Express journalist Denyse Renne has served her profession and the country well in having successfully sought legal redress against Police Commissioner Gary Griffith’s refusal to provide information requested under the Freedom of Information Act (FOIA).
Justice Ronnie Boodoosingh’s ruling in favour of Ms Renne should stand as a reminder to everyone, including media houses, journalists, businesses, civil society organisations and the average citizen, about the rights and power available to them under the FOIA.
Twenty years after the FOIA became law, far too many public officials and agencies continue to exercise arbitrary control over the information in their possession. The idea of the public’s right to all information held by public bodies, apart from categories defined under the law, is still to take root in a culture that remains centralised and authoritarian.
Any national Police Service operating on the basis of transparency, accountability and the principle of the public’s right to know would have had no problem with supplying Ms Renne with the information she was seeking. Indeed it would understand the value of the public being kept informed about its hiring practices, salary payments, contract awards, consultancies, granting of firearms users’ licences, and so on.
While we understand the historical reasons for the unwillingness of State bodies and other publicly-funded institutions to share information, 20 years is a long enough time for them to have come to terms with the idea of the public’s entitlement to information about how the offices funded by them are managed and operated. As a media house serving the public’s right to know, our journalists regularly come up against a pervasive unwillingness by publicly-funded bodies to share information to which anyone is entitled under the FOIA. The entire Government apparatus is still largely cloaked in secrecy based on an unreasonable, illogical fear that putting information into the public’s hands will somehow threaten something. We recognise this as the legacy of a culture steeped in the autocratic view that power is not answerable to people.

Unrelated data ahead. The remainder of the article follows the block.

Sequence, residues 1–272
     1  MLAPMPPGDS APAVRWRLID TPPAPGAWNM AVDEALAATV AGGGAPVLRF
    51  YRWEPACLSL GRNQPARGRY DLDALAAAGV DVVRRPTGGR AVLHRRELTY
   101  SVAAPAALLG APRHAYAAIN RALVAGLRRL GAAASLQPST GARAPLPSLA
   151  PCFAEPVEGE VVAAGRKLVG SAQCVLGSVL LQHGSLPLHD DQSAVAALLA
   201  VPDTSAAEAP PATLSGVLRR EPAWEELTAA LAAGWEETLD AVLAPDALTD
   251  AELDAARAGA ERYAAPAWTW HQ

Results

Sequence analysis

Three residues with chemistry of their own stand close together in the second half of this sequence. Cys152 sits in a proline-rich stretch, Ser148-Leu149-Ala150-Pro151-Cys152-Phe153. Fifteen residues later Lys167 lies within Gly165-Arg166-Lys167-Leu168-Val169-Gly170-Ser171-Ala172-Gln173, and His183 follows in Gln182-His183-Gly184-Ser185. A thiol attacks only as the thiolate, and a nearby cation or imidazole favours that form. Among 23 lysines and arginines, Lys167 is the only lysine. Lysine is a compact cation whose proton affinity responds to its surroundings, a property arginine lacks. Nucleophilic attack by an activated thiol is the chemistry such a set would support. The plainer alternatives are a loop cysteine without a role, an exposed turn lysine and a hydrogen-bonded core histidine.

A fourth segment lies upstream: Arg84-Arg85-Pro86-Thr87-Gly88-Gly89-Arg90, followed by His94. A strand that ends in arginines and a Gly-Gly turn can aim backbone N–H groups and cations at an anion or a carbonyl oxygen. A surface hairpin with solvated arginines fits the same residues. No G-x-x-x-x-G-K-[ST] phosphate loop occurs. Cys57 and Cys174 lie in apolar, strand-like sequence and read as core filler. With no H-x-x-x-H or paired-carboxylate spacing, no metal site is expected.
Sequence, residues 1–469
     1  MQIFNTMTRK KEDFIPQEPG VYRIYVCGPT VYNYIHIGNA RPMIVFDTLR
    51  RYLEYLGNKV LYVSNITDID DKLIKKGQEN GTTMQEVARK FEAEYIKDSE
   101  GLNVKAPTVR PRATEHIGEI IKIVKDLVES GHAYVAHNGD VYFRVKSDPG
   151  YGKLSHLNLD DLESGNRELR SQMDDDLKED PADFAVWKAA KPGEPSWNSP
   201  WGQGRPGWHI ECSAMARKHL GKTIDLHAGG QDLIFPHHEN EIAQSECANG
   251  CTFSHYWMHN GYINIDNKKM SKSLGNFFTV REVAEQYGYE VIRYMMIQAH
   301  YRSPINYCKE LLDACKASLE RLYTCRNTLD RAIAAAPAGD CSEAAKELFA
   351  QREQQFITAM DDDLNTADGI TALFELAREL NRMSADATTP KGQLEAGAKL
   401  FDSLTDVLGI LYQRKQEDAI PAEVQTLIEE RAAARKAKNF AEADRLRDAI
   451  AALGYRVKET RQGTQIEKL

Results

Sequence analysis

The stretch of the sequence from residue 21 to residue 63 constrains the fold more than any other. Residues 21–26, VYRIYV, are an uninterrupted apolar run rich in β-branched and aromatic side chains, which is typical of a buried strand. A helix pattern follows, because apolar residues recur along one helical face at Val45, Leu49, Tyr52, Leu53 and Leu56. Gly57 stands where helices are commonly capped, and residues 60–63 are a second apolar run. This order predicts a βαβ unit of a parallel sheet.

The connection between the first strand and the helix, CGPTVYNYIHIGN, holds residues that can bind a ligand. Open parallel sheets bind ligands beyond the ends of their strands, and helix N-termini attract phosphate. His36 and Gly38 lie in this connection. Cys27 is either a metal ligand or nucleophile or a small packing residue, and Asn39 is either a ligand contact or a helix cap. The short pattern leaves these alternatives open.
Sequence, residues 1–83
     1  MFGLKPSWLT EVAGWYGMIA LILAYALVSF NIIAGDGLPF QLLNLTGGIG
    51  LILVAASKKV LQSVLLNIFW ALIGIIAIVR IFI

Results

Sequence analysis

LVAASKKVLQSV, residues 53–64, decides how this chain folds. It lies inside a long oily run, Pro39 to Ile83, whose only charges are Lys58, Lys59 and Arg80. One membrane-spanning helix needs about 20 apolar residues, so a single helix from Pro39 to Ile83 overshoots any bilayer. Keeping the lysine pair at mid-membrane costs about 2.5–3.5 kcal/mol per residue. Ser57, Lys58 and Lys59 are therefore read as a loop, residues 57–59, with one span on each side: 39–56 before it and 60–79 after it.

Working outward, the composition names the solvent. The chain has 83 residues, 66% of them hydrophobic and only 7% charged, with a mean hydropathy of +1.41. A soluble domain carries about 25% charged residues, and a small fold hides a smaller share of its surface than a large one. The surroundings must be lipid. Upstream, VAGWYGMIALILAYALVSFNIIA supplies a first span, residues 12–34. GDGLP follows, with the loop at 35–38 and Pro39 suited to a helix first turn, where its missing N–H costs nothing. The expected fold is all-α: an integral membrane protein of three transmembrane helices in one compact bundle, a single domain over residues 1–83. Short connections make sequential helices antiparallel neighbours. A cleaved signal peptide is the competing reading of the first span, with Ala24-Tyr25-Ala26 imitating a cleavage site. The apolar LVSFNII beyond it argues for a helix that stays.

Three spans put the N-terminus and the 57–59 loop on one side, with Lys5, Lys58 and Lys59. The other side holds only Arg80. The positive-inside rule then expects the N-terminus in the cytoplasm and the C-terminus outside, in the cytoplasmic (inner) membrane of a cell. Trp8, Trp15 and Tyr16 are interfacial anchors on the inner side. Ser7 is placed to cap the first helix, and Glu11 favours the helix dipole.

Trinidad and Tobago should have passed that stage since gaining its Independence 58 years ago, but did not. For almost four decades, governments kept a tight lid on information that should properly have been made available to anyone who asked. Growing public impatience over the lack of access to such information is what ultimately led the Panday government to fulfil a campaign pledge to enact the FOIA.
As Ms Renne and others have found, despite the FOIA’s existence, many public entities covered by it are inclined to obstructionist responses to requests for information. Too often, individuals have to seek redress in the court for information to which they are wrongfully denied access. The worrying point is that while the legal costs incurred by public institutions are covered by taxpayers, an individual’s cost is invariably covered out of their own pockets. In the case of Ms Renne, legal costs are covered by her employer.
Justice Boodoosingh’s judgment should be a lesson to all public managers of the need to operate within the law of the FOIA in handling requests for information. As importantly, Ms Renne’s success should inspire the public to ensure that they do.